After they were driven away from the stadium, they went into the main road by mounting roadblocks and throwing wastes on the road which has nothing to do with the game. Eyewitnesses that spoke to the Daily Observer said they even had their vehicles stoned at by the angry Bakau supporters before they themselves came to their senses and left the place but up until mid-night, you could still spot broken blocks on the highway. Just few hours before kick-off, I was advocating on national television that fans should respect the spirit of fair play and accept defeat in good faith with two other colleagues but our advice fell on deaf ears.
Bakau technical staff and players
In that fateful final in 2009, some Bakau players got involved and were dealt with severely by the organising committee. But despite their fans' failure to learn, the players have as they comport themselves very well in the middle of the melee despite the anger, frustration and disappointment.
The head coach Abdoulie Bojang, who is always known for his discipline was seen and heard asking his players to stay calm. Lie and his technical team should be commended for dealing with the situation maturely and it is a shame that they are threatened by another severe punishment because of the unacceptable behaviour of their fans.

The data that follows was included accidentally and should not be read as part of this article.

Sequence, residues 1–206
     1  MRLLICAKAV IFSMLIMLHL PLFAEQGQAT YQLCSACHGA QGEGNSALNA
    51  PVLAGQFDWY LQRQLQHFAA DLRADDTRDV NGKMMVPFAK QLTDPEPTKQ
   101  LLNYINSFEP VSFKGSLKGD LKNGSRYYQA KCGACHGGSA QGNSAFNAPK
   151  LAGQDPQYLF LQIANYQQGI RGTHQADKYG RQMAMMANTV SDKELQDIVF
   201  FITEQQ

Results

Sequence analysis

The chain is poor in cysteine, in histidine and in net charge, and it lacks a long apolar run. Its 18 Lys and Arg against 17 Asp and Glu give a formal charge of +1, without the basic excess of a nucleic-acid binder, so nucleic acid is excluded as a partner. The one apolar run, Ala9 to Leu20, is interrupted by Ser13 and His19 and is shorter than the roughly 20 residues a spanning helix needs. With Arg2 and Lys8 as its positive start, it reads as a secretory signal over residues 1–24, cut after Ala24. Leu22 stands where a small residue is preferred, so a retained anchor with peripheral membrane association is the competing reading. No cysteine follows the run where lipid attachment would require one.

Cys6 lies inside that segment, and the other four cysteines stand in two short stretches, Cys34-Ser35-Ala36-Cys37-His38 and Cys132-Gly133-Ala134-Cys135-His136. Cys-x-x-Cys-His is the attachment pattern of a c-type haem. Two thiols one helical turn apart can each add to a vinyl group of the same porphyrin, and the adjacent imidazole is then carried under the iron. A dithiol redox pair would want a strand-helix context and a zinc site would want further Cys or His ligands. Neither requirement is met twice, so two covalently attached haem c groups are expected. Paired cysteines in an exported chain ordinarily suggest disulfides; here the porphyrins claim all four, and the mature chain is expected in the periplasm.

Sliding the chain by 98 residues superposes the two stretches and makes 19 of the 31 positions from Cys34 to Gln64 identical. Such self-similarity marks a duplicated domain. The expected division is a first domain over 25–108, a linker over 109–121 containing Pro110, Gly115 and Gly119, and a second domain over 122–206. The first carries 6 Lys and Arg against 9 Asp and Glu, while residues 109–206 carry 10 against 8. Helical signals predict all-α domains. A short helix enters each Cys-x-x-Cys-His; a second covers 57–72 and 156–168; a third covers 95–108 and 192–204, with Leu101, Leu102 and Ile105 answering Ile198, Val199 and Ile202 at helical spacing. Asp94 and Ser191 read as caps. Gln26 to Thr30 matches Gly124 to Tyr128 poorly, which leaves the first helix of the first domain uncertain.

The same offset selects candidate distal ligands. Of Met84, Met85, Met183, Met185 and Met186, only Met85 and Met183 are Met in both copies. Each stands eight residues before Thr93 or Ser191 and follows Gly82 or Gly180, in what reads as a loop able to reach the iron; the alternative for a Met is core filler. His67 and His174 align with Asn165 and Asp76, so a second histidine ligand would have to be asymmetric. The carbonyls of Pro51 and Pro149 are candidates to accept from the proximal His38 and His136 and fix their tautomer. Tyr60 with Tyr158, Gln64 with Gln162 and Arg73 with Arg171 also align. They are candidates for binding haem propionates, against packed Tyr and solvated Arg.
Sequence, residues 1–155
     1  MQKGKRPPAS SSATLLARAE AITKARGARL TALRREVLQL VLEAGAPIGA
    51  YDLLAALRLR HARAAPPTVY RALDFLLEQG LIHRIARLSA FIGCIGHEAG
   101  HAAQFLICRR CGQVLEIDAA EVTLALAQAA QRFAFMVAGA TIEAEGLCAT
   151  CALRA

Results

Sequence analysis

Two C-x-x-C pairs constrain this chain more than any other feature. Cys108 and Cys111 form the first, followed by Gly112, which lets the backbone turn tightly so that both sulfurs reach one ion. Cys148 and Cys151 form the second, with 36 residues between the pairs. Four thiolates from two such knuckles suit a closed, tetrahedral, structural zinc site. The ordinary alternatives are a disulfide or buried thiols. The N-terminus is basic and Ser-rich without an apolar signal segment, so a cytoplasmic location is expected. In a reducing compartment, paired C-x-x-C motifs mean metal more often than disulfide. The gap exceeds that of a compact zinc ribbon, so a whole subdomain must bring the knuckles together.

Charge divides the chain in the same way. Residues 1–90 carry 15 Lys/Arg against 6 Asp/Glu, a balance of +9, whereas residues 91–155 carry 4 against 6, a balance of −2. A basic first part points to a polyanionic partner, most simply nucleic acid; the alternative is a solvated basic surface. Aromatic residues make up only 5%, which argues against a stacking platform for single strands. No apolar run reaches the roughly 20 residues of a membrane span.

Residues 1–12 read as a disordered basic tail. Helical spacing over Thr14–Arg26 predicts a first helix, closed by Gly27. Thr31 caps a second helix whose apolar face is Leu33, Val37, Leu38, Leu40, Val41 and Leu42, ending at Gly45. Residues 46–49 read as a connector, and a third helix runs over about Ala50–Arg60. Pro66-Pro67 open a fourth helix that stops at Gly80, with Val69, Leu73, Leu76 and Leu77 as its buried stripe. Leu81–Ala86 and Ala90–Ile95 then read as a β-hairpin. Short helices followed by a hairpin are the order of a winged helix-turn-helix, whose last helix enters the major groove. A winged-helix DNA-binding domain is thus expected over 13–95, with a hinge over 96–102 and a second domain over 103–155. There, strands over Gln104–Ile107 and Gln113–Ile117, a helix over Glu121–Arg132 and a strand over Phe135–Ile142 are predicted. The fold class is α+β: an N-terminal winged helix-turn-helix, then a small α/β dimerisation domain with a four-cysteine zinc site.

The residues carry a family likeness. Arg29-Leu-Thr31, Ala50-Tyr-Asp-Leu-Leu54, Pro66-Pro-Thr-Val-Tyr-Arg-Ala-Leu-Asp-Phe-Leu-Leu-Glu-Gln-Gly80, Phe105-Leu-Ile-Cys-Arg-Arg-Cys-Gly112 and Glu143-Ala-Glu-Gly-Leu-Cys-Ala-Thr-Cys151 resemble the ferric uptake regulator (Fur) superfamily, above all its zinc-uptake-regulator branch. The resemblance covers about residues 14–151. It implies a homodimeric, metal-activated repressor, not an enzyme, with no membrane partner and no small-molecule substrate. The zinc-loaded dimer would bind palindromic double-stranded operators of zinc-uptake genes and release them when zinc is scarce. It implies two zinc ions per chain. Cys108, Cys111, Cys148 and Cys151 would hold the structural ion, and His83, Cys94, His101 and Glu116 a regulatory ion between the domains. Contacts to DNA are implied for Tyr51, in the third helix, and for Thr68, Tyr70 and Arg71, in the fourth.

Journalist got beaten
In its efforts to restore order, the police were left with no choice but to throw tear gas and when a Daily Observer photographer, Nfamara Drammeh, took out his camera to take pictures of the scenes, he heard an order given to beat him and he was hit twice by a pipe and his hands had to take a bitter blow when he used them to protect his camera. Another reporter from the Point, Fatoumatta Jawara also had her IPhone 4 taken away from her as she was taking pictures and up until the time I left the stadium, she was crying like a baby as she could not find the phone.
It is the second time that Nfamara got beaten after he had his own share in that Bakau violence just executing his duties. Another Daily Observer reporter, Alieu Ceesay was also left in severe pains a week ago when another violence this time involving Sukuta fans erupted that saw him got hit by a stone on the head. This latest ordeal prompted a very angry reaction from a couple of reporters who wanted to fight back but my colleagues and I had to calm them down.
The way forward
Despite the ugly scenes at the end of the game, the fact should not be taken away that it was a very successful super nawettan competition. But a dialogue is the way forward from all stakeholders in order to stop a future occurrence.
Football administrators, referees, players, security, fans and journalists should come together frequently and interact to explain to each other their roles and the laws of the game. It will help everyone to know where limits start and end and unless that is not done, this kind of situations might not be far away from us.